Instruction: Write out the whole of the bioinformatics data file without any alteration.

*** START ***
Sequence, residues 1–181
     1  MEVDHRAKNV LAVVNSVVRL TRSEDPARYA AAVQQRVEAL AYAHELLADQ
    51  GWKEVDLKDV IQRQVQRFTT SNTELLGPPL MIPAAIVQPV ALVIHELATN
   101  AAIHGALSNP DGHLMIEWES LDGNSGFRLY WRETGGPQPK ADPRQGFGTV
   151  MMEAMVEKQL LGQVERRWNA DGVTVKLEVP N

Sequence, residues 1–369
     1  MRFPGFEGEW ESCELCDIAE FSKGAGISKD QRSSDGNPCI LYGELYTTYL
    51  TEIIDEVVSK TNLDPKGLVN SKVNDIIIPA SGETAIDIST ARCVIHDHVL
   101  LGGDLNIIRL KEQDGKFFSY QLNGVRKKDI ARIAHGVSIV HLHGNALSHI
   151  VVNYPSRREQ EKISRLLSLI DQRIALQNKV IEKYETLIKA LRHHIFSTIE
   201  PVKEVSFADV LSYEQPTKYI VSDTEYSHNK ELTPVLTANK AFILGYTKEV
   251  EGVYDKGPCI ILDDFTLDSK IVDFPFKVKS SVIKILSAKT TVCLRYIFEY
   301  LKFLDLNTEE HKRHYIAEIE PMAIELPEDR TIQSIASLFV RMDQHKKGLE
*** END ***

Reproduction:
Sequence, residues 1–181
     1  MEVDHRAKNV LAVVNSVVRL TRSEDPARYA AAVQQRVEAL AYAHELLADQ
    51  GWKEVDLKDV IQRQVQRFTT SNTELLGPPL MIPAAIVQPV ALVIHELATN
   101  AAIHGALSNP DGHLMIEWES LDGNSGFRLY WRETGGPQPK ADPRQGFGTV
   151  MMEAMVEKQL LGQVERRWNA DGVTVKLEVP N

Sequence, residues 1–369
     1  MRFPGFEGEW ESCELCDIAE FSKGAGISKD QRSSDGNPCI LYGELYTTYL
    51  TEIIDEVVSK TNLDPKGLVN SKVNDIIIPA SGETAIDIST ARCVIHDHVL
   101  LGGDLNIIRL KEQDGKFFSY QLNGVRKKDI ARIAHGVSIV HLHGNALSHI
   151  VVNYPSRREQ EKISRLLSLI DQRIALQNKV IEKYETLIKA LRHHIFSTIE
   201  PVKEVSFADV LSYEQPTKYI VSDTEYSHNK ELTPVLTANK AFILGYTKEV
   251  EGVYDKGPCI ILDDFTLDSK IVDFPFKVKS SVIKILSAKT TVCLRYIFEY
   301  LKFLDLNTEE HKRHYIAEIE PMAIELPEDR TIQSIASLFV RMDQHKKGLE